Weekends look a little different with toddlers in the house. For example, sleeping in means 7:30, instead of 5:00. It looks a little bit like this:


And this:


We are currently watching Frozen for about the 100th time:

Can I just say that I’m pretty sure Olaf is one of my favorite cartoon characters ever?

I also got to have a fairy draw pictures while sitting in my lap:


And it’s not even nap time yet…

So what are you up to this weekend?


Opening Up is Tough

I have the honor of writing a monthly piece for TwinTalks.com. The opportunity has been huge for me, as I love writing, and getting to write about my girls is just fantastic. This past month, however, my piece took a very personal turn. When suggesting topics for the month, I brought up how having twins has and is changing the way I view my body. My editor loved the idea, and that became my topic.

I knew in discussing the ways that twins changing my body has changed my view of my body, I would have to publicly delve into my eating disorder. Yeah, I’m one of those people. I was very sick for a very long time, sometimes physically, sometimes mentally, sometimes both at the same time. I’ve been in recovery now for about 10 years, and there have been many things that have helped me along the way and moved me toward a healthier reality, but none in quite as powerful a way as having Z and R has. I won’t go too much into all that right now, since my other article isn’t published yet. Suffice it to say, they are my number one motivation to stay healthy.

What really got me was the nerves though. As I sat that Saturday night, writing out all my thoughts, editing, and finally clicking ‘submit’, I was practically shaking from nerves. I’ve never talked about this in such a public way. Or really, much at all. Once that piece is published, a pretty large audience is going to know about my struggles. A lot of people might judge. People I know personally who follow my posts may feel differently about me. But a lot of people may read my story and realize that their pasts can make them stronger, and that they can become the healthy, happy role models that their children need. They may be encouraged and reminded that the past is the past and that they can continue to move forward and heal. They may realize that they’re not alone when the physical and mental strain of pregnancy and childbirth is daily altering their body, barely giving them the time they need to become familiar with their new selves before changing yet again. So I went ahead and wrote.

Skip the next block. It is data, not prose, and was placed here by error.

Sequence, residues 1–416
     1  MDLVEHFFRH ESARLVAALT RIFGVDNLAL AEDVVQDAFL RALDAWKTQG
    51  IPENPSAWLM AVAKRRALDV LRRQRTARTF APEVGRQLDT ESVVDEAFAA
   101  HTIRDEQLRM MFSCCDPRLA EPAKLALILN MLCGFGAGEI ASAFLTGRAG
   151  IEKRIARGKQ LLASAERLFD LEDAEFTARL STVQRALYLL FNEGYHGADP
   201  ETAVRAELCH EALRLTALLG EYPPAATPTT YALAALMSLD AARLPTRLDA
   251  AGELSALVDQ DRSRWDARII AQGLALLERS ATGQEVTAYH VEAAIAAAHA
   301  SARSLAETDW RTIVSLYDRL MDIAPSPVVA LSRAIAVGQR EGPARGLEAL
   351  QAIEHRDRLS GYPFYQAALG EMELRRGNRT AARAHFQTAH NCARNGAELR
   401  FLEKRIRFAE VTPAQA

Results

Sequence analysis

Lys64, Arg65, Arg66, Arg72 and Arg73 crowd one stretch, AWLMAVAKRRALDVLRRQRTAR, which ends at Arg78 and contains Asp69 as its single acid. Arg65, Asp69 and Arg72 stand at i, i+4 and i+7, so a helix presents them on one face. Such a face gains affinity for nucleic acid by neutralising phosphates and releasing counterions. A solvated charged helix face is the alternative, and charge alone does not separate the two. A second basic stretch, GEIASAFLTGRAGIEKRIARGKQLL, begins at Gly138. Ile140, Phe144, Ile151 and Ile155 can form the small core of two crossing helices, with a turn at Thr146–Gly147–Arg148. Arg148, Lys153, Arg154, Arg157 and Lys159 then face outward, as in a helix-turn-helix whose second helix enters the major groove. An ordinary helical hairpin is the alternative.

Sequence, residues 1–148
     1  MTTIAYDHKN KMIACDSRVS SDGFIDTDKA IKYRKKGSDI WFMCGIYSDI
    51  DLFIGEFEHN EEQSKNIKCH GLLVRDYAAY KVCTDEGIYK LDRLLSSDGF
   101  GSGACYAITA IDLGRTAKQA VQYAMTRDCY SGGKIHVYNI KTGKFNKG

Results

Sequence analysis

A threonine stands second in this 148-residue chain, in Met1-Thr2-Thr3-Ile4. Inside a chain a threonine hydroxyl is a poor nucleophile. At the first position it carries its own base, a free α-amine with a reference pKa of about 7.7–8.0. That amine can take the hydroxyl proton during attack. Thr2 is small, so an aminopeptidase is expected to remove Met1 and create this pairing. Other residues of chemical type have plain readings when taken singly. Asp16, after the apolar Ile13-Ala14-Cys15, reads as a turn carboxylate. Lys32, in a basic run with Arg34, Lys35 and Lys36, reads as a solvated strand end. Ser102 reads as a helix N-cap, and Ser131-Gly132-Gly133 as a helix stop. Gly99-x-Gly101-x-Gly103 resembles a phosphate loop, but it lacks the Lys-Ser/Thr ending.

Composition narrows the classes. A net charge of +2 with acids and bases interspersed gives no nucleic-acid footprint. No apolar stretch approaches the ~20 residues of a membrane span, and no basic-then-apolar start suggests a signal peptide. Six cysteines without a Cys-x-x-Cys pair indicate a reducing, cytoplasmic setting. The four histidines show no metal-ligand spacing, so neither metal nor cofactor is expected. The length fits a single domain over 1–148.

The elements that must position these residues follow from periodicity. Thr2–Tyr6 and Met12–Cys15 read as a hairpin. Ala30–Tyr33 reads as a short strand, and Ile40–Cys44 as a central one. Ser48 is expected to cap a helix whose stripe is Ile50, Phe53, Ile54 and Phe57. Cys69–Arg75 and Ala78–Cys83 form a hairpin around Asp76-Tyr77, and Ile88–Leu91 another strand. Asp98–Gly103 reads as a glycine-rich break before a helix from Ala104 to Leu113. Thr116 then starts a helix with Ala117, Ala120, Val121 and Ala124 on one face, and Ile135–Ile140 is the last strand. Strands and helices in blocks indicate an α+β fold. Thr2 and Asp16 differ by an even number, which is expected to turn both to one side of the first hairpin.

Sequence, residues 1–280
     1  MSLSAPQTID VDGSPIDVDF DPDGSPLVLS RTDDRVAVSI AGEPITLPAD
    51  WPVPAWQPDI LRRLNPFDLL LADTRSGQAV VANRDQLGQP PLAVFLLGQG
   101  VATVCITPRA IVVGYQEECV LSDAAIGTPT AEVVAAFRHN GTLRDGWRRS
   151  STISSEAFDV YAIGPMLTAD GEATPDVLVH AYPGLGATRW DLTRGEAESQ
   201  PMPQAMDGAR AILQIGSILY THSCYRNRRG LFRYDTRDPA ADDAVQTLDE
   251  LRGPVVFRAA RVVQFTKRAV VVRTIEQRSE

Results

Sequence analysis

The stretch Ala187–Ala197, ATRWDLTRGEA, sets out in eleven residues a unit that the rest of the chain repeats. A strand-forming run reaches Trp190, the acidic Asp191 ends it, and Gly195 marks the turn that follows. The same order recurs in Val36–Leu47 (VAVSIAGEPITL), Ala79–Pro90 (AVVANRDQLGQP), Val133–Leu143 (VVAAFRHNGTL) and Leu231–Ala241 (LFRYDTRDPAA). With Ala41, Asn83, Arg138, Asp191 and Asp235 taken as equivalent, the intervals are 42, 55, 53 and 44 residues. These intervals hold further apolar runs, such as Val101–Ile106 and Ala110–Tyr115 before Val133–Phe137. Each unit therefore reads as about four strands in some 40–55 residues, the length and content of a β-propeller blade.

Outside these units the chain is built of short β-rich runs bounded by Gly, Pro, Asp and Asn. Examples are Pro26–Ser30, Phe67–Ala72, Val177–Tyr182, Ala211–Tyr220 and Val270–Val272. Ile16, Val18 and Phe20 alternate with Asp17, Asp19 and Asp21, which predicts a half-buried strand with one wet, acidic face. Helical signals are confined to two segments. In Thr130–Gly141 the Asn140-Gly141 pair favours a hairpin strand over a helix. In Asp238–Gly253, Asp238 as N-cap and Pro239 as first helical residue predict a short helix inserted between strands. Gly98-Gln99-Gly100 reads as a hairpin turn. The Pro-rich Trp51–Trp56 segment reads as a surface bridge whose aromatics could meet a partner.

My daughters are my motivation every day. I want to be the role model that they need, and that keeps me going every day.

So soon, everyone will know a little more about my past. Not everyone may like it, but it is what it is. I just hope and pray that it may be able to help someone else a little further along their path of healing and health.

In Memorium: My Tidy Living Room

I sit here tonight amidst the rubble of my once tidy living room. It is no more. I now have twins tornados that daily wreak their havoc, and each evening I put them to bed and come out here and sit in the chaos. 

From where I sit, I see dolls and toys and pretzels; coasters, a long disused Bumbo seat, and a stuffed dog that barks Jingle Bells (ask me how much I love that dog. Just ask. I dare you…). I know that on the dining room floor are bits of orange, bread, and chicken that were dropped at dinner. 

I used to care a lot more about the order and tidiness of my home, but that level of care has long since gone out the window. Sure, I wash the dishes, pick up all the toys, and sweep the floors, but there is always the lingering, “Why bother?” that comes with it. Cleaning a house with toddlers in it is like trying to rake leaves in a storm. 

I used to care a lot but now, as long as I can maintain basic sanitation, I just don’t. Why? Because the debris and chaos in which I am currently sitting is just evidence of fun. My crazy little tornados have torn up this living room with FUN. They play every day with ferocious intensity. Play is their job, and they pour their entire selves into it, leaving a wake of mess behind them once they ultimately tire and fall asleep for the evening. 

I could follow them around, picking up as they go. I could spend day trying to convince them to only play with one thing at a time, or to put things away once they’re done. That would be a fruitless, frustrating waste for all of us, though. Instead, I get on the floor and join in the mess making fun. 

Farewell, Tidy Living Room, I’ll take fun and joy and the disaster area it creates over a tidy house devoid of play any day. 


I met another twin mom today!

Meeting another parent with twins is like meeting a unicorn. It’s like walking through the forest and suddenly spotting another magical horse with a horn on it’s forehead. You have to fight the compulsion to excitedly run up to them screaming, “Yay! You have a shiny, magical horn too!” Only, instead of magical horses with horns, it’s meeting another person who knows what it’s like to have the same unusual pregnancy/birth/child-raising experience as you.